India’s GDP growth slows in third quarter as exports fall

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A labourer carries a sack filled with sugar to load it onto a supply truck at a wholesale market in Kolkata. File/Reuters

India posted annual economic growth of 6.3% in its July-September quarter, less than half the 13.5% growth in the previous three months as distortions caused by COVID-19 lockdowns faded in Asia’s third-largest economy.

Gross domestic product growth for the full fiscal year, which ends on March 31, is likely to be 6.8-7%, the government’s chief economic advisor V. Anantha Nageswaran said after the release.

That would be broadly in line with pre-COVID rates before pandemic lockdowns triggered wild fluctuations.

The rate for the September quarter, the second of India’s 2022/23 financial year, was just above the 6.2% forecast by economists in a Reuters poll.

Economists warned, however, that growth momentum may ease in the December quarter due to higher interest rates and slowing exports.

“Even as domestic growth drivers on services side continue to remain robust, weakening global demand amid tightening financial conditions remains the key risk for growth outlook for India,” said Garima Kapoor, economist at Elara Capital.

The Reserve Bank of India has raised rates by 190 basis points since May this year and is seen hiking again when its monetary policy committee meets in early December.

Slowing global growth has also started to hurt exports, which fell 17% over a year ago in October.

The Indian central bank sees GDP growth for the 12 months to March 31, 2023, at 7% but economists see risk of a downside to these forecasts.

Government capital spending increased more than 40% during the September quarter as the federal government stepped up expenditure on infrastructure from roads to railways.

Aided by pent-up demand, particularly for services, private consumption grew 9.7% compared to a year ago, while capital formation, an indictor of investment, increased 10% annually.

“Services on the supply side and investments in the demand side would continue to be the main drivers of growth,” said Sujan Hazra, chief economist at Anand Rathi.

Among key sectors, agricultural output rose 4.6% while manufacturing fell 4.3% and the employment-generating construction sector saw a 6.6% annual increase in activity.

“In case of manufacturing it has been clearly affected by low growth for the small business sector and fall in profits that has affected value added for the organized sector,” said Madan Sabnavis, chief economist at Bank of Baroda.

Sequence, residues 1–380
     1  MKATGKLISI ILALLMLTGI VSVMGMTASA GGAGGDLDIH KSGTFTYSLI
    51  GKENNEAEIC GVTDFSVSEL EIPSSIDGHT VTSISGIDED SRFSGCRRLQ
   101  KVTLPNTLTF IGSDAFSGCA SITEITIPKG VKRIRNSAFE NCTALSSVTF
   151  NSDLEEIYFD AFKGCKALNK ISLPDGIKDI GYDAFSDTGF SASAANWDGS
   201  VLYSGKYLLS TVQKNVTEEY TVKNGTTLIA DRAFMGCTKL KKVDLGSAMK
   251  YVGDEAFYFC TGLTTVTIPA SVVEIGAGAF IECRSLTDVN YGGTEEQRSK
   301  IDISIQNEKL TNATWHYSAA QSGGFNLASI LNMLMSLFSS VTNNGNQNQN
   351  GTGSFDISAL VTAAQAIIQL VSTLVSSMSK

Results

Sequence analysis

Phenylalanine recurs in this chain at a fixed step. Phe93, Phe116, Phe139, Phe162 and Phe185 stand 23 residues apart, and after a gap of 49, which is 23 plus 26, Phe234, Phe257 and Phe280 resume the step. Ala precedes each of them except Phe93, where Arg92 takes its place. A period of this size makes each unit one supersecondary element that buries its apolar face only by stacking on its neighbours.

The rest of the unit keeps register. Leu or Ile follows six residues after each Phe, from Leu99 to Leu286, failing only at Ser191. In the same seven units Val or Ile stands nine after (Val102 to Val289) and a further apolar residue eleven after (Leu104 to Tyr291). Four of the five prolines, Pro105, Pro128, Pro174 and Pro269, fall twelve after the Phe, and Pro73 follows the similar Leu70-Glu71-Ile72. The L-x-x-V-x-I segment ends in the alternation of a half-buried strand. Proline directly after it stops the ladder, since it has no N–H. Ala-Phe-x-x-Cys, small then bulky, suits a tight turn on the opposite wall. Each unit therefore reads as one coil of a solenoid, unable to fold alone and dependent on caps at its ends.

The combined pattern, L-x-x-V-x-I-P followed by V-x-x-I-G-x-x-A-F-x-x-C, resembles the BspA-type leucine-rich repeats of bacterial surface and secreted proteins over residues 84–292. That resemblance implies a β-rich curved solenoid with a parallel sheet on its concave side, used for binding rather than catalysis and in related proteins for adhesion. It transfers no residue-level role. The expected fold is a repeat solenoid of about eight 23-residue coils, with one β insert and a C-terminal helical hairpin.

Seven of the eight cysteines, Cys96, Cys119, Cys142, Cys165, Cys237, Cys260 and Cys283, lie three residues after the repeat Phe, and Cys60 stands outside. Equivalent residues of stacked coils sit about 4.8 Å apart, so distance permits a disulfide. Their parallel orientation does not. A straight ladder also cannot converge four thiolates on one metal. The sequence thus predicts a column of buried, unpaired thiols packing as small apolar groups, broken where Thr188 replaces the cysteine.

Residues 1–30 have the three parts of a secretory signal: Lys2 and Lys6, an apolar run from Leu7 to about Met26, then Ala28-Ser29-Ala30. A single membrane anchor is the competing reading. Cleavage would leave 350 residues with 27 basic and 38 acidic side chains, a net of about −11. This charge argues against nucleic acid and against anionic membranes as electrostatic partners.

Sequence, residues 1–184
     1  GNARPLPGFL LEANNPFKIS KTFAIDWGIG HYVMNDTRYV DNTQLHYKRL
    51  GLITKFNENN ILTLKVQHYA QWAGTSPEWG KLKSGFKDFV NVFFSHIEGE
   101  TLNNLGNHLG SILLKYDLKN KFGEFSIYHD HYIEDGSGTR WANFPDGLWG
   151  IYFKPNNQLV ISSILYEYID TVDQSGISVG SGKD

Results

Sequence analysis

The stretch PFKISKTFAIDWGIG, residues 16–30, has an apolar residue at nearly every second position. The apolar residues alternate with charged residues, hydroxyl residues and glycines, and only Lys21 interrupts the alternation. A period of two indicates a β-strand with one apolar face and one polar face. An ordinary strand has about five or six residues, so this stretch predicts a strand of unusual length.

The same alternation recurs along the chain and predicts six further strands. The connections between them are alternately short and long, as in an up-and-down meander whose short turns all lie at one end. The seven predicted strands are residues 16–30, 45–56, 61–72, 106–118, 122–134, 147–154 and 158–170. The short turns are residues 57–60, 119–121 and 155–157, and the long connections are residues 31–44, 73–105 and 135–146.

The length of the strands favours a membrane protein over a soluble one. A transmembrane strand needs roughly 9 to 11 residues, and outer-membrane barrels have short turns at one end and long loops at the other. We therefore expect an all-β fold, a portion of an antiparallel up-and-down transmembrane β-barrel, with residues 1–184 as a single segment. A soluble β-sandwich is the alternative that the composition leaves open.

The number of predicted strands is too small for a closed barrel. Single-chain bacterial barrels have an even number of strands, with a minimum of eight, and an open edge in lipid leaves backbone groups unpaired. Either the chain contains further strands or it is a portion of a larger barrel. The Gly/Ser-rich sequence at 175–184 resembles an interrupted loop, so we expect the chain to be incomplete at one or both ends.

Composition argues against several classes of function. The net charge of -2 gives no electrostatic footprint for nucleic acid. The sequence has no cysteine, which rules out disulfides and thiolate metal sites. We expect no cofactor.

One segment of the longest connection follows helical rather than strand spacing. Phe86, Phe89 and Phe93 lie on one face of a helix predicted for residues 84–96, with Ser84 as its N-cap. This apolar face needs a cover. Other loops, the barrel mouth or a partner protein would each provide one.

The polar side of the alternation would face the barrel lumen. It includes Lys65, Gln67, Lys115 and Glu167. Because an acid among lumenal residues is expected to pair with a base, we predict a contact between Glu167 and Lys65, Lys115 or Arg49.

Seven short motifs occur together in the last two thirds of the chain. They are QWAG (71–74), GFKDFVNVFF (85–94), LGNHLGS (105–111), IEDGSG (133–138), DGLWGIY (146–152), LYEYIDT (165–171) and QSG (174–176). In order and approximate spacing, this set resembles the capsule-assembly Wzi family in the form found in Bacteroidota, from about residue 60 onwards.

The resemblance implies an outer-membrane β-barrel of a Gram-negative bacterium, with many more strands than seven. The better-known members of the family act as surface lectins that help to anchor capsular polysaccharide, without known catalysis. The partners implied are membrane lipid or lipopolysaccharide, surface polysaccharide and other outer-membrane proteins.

India plans to sustain its high growth rate through more government capital spending but will also focus on health and education next year, finance minister Nirmala Sitharaman told the Reuters NEXT conference on Wednesday.

Sitharaman was speaking amid consultations for the next budget, which is expected to be announced on Feb. 1. It will be the last full budget before national elections in 2024.

“We would continue to push capital expenditure, and that I’m saying even as I’m preparing for the next budget,” Sitharaman said. “We are well on course on meeting this year’s target. The states have shown extraordinary absorption capacity for taking the monies and spending on capital assets.”

The government sees the “capital expenditure route as one of those which can guarantee good growth,” she said.

India has budgeted capital spending of 7.5 trillion rupees ($92.28 billion) for the current fiscal year, which ends on March 31.

Sitharaman said that she looked forward to “a very good … growing Indian economy this year and the next”. She was speaking ahead of the publication of July-September growth data, which showed the economy growing 6.3% on an annual basis.

Sitharaman said the government was comfortable with the country’s current foreign exchange reserves but believed that the rupee would stabilise without much intervention from the central bank.

Inflation, however, was being influenced by external factors for which measures needed to be taken, she said, adding the central bank saw “inflation is in the downward side and it will be well within the tolerance band by early next year or middle of next year”.

The private sector is starting to raise investments, she said, which augurs well for the economy that is projected to grow at 7% this fiscal year, despite many other economies suffering because of the Russia-Ukraine war.

“We are fairly comfortable in terms of agricultural supplies and energy, and there is buoyancy as regards to manufacturing,” she said.

“Newer areas are growing, sunrise sectors are being supported by the government, so I look forward to a very good, fast growing Indian economy in this year and the next.”

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